outdoorproject.com
Steep Cliffs with Leftover Remnants from WW2
Devil's Slide is a name given to a steep, rocky coastal promontory located about midway between Montara and the Linda Mar District of Pacifica. The terrain is characterized by steep, eroded slopes with natural gradients ranging between 30 and 70%. There are small coastal valleys throughout along the major drainages within the Montara Mountain watershed. The soils in these valleys are deep and moderately well drained and have developed along the low terraces and alluvial fans of the stream channels.Devil's Slide was the location of a military triangulation station and observation site used during World War II as part of the harbor defense of San Francisco. Prior to the advent of radar, military personnel would use binoculars and compasses to search for ships at sea and relay their coordinates to a central post. By combining information from multiple observation posts, a ship's precise location could be determined by triangulation. There were six military structures at the Devil's Slide: three concrete and steel observation pill-boxes, two concrete and earth bunkers, and a reinforced steel observation tower. The pill-boxes were used as hardened observation posts, and one of the bunkers was used as a communications and command post. The site was sold to a private owner in 1983, but some of the structures remain.The climate of the area is Mediterranean with a strong maritime influence. The temperature range is narrow both seasonally and diurnally, while air moisture is relatively high. Extremely dense northern coastal scrub covers most of the locale, especially over San Pedro Mountain and along the steeper foot slopes of Montara Mountain. Small grassy openings and barren rocky areas are scattered throughout the scrub areas. The inland area holds other types of vegetation including, aquatic and coastal freshwater marshes/seeps, willow riparian scrub, coastal grassland, non-native forest, and pasture/ranch uses/non-native brushland. The endangered species Hickman's potentilla occurs on the slopes above Martini Creek at up to 430 feet elevation.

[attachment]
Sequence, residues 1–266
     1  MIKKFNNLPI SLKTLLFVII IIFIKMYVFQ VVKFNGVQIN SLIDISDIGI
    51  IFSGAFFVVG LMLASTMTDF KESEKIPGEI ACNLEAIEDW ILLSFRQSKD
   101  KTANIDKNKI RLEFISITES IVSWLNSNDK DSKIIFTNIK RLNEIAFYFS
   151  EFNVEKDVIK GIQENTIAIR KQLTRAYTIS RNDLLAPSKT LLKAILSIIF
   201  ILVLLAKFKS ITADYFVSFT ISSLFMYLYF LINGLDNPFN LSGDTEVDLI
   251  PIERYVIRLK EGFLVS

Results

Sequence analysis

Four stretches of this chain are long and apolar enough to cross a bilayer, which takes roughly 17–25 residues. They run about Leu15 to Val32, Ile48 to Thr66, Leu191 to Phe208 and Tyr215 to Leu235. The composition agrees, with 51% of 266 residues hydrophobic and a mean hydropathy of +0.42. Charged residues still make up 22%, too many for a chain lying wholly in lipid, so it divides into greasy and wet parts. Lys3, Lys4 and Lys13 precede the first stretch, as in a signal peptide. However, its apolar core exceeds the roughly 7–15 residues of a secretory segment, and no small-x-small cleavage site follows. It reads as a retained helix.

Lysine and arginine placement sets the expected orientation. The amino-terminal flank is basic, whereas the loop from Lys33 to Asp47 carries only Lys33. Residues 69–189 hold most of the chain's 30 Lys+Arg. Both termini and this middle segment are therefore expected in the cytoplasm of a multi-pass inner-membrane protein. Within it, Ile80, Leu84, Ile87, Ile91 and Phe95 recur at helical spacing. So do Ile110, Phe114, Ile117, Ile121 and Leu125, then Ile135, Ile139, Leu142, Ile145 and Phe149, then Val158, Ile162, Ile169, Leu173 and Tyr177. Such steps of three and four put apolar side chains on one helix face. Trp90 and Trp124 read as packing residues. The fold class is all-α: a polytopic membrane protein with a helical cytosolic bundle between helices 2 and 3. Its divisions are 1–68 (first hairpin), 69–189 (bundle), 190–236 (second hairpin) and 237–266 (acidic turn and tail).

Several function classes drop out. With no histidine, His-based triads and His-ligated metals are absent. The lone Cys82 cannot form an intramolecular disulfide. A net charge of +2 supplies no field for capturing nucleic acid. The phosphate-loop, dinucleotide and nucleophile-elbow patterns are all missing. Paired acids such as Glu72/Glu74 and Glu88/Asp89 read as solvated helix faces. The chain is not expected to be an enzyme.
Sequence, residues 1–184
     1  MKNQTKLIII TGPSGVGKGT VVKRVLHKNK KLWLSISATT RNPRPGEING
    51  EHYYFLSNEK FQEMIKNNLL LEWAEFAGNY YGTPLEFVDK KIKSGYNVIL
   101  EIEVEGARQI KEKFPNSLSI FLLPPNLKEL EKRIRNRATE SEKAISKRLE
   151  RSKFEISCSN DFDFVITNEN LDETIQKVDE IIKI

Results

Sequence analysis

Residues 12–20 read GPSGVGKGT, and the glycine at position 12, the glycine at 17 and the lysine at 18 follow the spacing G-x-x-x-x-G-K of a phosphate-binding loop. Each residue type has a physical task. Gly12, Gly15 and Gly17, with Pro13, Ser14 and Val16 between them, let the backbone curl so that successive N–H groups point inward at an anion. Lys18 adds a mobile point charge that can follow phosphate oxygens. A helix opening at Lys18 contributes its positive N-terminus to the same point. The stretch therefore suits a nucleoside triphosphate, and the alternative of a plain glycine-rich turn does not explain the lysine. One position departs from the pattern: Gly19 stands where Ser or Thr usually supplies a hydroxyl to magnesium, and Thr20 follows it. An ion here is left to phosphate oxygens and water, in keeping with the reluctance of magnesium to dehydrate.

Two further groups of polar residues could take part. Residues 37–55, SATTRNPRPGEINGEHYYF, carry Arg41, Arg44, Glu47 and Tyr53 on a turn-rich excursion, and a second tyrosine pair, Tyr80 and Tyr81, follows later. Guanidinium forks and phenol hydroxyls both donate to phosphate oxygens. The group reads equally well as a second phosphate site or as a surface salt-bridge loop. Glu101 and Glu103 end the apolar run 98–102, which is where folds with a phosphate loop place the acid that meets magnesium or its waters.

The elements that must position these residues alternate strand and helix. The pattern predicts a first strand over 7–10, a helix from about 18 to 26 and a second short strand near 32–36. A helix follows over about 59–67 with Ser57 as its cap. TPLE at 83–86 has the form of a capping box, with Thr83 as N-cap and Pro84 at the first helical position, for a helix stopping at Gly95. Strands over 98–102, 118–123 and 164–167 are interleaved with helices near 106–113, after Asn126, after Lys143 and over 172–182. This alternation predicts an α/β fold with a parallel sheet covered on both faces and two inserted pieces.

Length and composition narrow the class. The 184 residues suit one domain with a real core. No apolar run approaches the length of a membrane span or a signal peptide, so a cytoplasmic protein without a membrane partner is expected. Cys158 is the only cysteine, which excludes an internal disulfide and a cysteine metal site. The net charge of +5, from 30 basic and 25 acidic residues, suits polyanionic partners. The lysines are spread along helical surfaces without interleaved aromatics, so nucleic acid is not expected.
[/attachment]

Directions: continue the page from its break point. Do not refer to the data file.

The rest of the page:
maps.roadtrippers.com
Steep, Rocky Coastal Promontory
Devil's Slide is a coastal promontory in California, United States. It lies on the San Mateo County coast between Pacifica and Montara. Devil's Slide is a name given to a steep, rocky coastal promontory located about midway between Montara and the Linda Mar District of Pacifica. The terrain is characterized by steep, eroded slopes with natural gradients ranging between 30 and 50%. There are small coastal valleys throughout along the major drainages within the Montara Mountain watershed. The soils in these valleys are deep and moderately well drained and have developed along the low terraces and alluvial fans of the stream channels. The climate of the area is Mediterranean with a strong maritime influence. The temperature range is narrow both seasonally and diurnally, while air moisture is relatively high. Extremely dense northern coastal scrub covers most of the locale, especially over San Pedro Mountain and along the steeper foot slopes of Montara Mountain. Small grassy openings and barren rocky areas are scattered throughout the scrub areas. The inland area holds other types of vegetation including aquatic and coastal freshwater marshes/seeps, willow riparian scrub, coastal grassland, non-native forest, and pasture/ranch uses/non-native brushland. The endangered species Hickman's potentilla occurs on the slopes above Martini Creek at up to 430ft elevation. To visit Devil's Slide Trail on your holiday in Pacifica, and find out what else Pacifica has to offer, use our Pacifica.
inspirock.com